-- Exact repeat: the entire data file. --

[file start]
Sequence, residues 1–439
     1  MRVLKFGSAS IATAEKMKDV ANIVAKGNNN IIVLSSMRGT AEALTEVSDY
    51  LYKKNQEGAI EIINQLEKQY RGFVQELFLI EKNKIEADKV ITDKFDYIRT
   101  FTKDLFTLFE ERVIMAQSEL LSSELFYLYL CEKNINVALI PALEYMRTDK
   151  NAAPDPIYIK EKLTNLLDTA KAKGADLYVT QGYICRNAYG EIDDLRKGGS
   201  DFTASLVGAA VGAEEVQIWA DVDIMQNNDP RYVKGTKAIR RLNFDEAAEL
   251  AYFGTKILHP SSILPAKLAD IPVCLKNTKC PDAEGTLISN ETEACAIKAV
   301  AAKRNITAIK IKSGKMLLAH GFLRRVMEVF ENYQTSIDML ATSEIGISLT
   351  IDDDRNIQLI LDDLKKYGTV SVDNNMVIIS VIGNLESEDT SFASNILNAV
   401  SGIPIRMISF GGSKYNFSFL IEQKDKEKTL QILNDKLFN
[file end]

Sequence, residues 1–439
     1  MRVLKFGSAS IATAEKMKDV ANIVAKGNNN IIVLSSMRGT AEALTEVSDY
    51  LYKKNQEGAI EIINQLEKQY RGFVQELFLI EKNKIEADKV ITDKFDYIRT
   101  FTKDLFTLFE ERVIMAQSEL LSSELFYLYL CEKNINVALI PALEYMRTDK
   151  NAAPDPIYIK EKLTNLLDTA KAKGADLYVT QGYICRNAYG EIDDLRKGGS
   201  DFTASLVGAA VGAEEVQIWA DVDIMQNNDP RYVKGTKAIR RLNFDEAAEL
   251  AYFGTKILHP SSILPAKLAD IPVCLKNTKC PDAEGTLISN ETEACAIKAV
   301  AAKRNITAIK IKSGKMLLAH GFLRRVMEVF ENYQTSIDML ATSEIGISLT
   351  IDDDRNIQLI LDDLKKYGTV SVDNNMVIIS VIGNLESEDT SFASNILNAV
   401  SGIPIRMISF GGSKYNFSFL IEQKDKEKTL QILNDKLFN